Saturday, January 19, 2008

my #1 pick for best out-of-box business move

Andy Grove, one of the inspirational founders of chip giant Intel Corporation, was recently interviewed about his thoughts on how big companies can overcome the glass ceiling of growth. He touted the importance for corporations to think way outside-the-box and consider entering entirely different industries to achieve the type of growth Wall Street expects of them. As an example he praised Apple for their innovative move into the music industry and retail giant Walmart for adding health clinics to some of their stores.

This got me thinking; what would I consider the most innovative move in recent memory that exemplifies this right turn approach to driving new business? As I sat on my couch pondering this point my attention mindlessly drifted to my six year old son who was embroiled in an intense battle between good and evil with ubervillian Darth Vader in the Lego Star Wars game for the Wii. And as I watched my son gleefully blow Darth Vader's little Lego head off it occurred to me how unbelievably creative and ground breaking a move it was for Lego to release this version of the game.

By making the animated characters Lego pieces instead of people, the company avoided the blood and guts animations typically prevalent in fighting games. This opened their product to a whole new market: what I call the "post-todds"--six to 9 year olds who are "too old for baby toys" (read in dramatic hands-on-hips whine) but not old enough for the typically violent video fighting games. What's even more genius about this move is that most parents of children this age are in their mid-thirties. This the same generation who, as kids, had their own minds blown by the original Star Wars movie trilogy. [How do I know this? Um, because my husband and I and nearly all our friends encompass this exact demographic.]

If you add the extension of the Lego brand into the Lego amusement park and the Lego science fairs and building contests, you have a darn terrific example of a risky right turn business move that has paid off in exponential dividends. Add the Lego Website which includes the "Lego Network"--a tool that allows kids to build their own Web pages--and you've got a dose of pure marketing and product genius at work.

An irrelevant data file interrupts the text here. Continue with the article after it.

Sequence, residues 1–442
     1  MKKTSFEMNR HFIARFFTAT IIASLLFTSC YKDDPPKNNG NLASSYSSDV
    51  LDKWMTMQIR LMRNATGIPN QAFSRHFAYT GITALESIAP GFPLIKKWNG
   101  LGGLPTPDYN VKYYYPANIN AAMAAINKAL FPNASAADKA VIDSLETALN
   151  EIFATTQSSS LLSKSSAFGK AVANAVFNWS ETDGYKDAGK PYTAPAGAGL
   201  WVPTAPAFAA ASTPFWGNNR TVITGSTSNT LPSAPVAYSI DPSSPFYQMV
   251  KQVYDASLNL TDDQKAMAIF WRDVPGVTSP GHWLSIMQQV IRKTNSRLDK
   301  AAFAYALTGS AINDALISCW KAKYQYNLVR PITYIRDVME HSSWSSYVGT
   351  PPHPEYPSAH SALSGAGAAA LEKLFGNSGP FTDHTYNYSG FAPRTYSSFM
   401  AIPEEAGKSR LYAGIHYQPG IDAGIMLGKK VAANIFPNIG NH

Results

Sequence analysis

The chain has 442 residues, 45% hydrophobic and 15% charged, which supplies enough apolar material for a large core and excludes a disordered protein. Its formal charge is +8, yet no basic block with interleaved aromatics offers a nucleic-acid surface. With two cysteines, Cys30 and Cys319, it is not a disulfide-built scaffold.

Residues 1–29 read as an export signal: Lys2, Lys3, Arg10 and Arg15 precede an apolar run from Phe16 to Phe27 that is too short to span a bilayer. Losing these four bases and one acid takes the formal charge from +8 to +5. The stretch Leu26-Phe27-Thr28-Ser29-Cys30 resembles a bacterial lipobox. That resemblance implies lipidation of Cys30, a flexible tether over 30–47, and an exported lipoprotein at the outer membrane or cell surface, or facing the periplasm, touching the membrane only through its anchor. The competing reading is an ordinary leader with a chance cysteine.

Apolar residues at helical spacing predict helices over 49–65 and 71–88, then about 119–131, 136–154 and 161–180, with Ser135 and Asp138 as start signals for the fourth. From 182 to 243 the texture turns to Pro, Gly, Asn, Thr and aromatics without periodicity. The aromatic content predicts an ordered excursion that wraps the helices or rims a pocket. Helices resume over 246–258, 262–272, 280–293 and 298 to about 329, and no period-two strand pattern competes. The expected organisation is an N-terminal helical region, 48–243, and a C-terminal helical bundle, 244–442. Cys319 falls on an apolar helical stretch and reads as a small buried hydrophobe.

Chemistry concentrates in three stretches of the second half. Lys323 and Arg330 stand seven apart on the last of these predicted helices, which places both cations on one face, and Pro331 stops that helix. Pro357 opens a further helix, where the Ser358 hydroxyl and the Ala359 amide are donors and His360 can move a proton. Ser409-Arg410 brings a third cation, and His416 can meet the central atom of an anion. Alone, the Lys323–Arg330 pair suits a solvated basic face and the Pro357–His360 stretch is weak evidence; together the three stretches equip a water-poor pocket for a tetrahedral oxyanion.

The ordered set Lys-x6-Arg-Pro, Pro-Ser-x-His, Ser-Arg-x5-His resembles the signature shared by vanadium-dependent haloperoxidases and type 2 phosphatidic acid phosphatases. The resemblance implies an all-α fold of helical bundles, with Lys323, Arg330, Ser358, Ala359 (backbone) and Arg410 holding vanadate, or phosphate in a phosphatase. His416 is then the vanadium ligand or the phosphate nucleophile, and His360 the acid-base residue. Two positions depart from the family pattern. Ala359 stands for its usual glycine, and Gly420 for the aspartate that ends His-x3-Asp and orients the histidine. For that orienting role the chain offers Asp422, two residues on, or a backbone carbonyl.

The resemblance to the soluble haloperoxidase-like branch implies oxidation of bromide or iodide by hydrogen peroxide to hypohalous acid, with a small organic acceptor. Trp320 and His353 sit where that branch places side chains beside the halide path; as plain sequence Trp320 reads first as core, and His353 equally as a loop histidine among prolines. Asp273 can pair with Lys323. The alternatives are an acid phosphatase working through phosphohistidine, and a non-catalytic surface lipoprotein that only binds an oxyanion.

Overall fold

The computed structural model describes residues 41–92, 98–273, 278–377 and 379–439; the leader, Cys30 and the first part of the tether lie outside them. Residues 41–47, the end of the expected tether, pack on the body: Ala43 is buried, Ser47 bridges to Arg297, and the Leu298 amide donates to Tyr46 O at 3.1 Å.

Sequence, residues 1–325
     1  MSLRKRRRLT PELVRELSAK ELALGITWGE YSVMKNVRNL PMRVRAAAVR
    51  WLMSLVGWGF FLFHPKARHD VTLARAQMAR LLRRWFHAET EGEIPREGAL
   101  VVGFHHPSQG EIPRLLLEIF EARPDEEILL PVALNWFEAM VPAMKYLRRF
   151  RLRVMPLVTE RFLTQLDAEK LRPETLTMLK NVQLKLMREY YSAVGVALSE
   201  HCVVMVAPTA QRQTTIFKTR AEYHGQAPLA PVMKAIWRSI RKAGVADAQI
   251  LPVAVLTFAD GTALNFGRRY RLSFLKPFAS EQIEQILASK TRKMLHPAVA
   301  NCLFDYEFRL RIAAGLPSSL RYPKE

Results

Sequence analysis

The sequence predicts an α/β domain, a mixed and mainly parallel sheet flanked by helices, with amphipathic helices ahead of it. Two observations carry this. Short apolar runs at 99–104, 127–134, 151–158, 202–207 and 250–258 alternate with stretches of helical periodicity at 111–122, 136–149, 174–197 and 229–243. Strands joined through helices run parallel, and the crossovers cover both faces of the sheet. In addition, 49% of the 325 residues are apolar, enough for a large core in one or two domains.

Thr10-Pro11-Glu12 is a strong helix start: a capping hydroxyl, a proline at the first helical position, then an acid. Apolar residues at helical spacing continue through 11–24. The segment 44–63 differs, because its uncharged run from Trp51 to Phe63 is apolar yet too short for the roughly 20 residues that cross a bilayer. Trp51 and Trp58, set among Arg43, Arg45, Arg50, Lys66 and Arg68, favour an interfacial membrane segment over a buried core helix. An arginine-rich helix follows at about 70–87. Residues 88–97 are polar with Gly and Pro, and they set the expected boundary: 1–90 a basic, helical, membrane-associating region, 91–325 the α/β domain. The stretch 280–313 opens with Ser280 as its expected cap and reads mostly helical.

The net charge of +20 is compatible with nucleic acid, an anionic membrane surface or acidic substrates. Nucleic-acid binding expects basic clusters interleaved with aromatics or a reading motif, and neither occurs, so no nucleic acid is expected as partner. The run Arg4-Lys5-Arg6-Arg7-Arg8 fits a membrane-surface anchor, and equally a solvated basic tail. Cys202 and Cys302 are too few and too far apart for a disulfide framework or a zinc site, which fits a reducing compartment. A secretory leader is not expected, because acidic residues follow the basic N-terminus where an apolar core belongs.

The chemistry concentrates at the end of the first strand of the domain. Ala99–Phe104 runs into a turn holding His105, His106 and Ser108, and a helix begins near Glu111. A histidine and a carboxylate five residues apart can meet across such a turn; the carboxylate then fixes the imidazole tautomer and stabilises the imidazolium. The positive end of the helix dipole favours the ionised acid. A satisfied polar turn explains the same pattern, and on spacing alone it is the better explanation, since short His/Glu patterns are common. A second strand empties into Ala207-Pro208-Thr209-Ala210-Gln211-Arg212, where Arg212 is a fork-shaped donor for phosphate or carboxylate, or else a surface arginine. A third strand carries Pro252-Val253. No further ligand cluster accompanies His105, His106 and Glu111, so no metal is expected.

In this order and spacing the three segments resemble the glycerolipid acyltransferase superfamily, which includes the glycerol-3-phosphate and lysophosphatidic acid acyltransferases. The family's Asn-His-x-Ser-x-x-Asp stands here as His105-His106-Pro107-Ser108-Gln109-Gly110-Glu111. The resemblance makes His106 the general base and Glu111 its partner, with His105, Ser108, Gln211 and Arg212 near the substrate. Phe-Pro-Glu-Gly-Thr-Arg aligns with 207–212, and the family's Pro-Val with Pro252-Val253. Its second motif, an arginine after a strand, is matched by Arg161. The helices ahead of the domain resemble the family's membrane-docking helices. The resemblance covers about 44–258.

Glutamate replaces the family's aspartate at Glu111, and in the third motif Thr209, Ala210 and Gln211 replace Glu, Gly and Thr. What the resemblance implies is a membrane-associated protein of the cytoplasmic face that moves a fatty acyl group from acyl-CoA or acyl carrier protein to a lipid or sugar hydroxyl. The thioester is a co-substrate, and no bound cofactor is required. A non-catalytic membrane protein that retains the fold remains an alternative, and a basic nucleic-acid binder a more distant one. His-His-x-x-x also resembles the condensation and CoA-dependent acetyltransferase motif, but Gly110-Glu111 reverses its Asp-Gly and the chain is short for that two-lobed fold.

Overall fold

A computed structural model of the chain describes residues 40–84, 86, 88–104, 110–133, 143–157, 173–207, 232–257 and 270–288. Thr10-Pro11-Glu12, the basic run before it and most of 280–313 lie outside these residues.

I pause to bow in honor of the Lego marketing and product departments while chanting "I'm not worthy. I'm not worthy."

All tongue-in-cheek aside, this is exactly what Andy Grove was talking about. When faced with fierce competition and price pressures the best thing for an organization to do is innovate. Step outside your company's comfort zone and embrace a new direction. You never know, you might just be the next BIG thing. Or at least you could be the talk of the playground. And that is an honor EVERY company should covet since those kids are really consumers-in-training.

1 comment:

Freya said...

Hi Kelly,

I simply loved your post. Out of all the things that you have mentioned, the most striking of them all for me was the sentence where you say 'When faced with fierce competition and price pressure, the best thing for an organization to do is innovate'. I am working as the head of market research at a Knowledge Processing Outsourcing firm based in India. From our end we have tried to do something similar. For the past few months I have being involved with researching Web 2.0 and how it can be used for behavioral mapping. We have branded our service as Targeted User Generated Content Marketing Solutions (TUGCMS). We study the behavior of the potential consumer for the industry, find the passionistas/influencers from that list and provide this to the client. We have a exhaustive methodology that assimilates comprehensive information on Passionistas. That is exactly how I came upon your blog.

There are a lot of concerns regarding Web 2.0 and use of social media being an effective source of BT. During the months of researching the concept, we have also come with ways that will deal with these issues and concerns. We also stumbled upon a case study of a reputed company to showcase the success of using Web 2.0 in monetary terms.We have an orange paper and a webcast on the way we do it, it will be up on our website.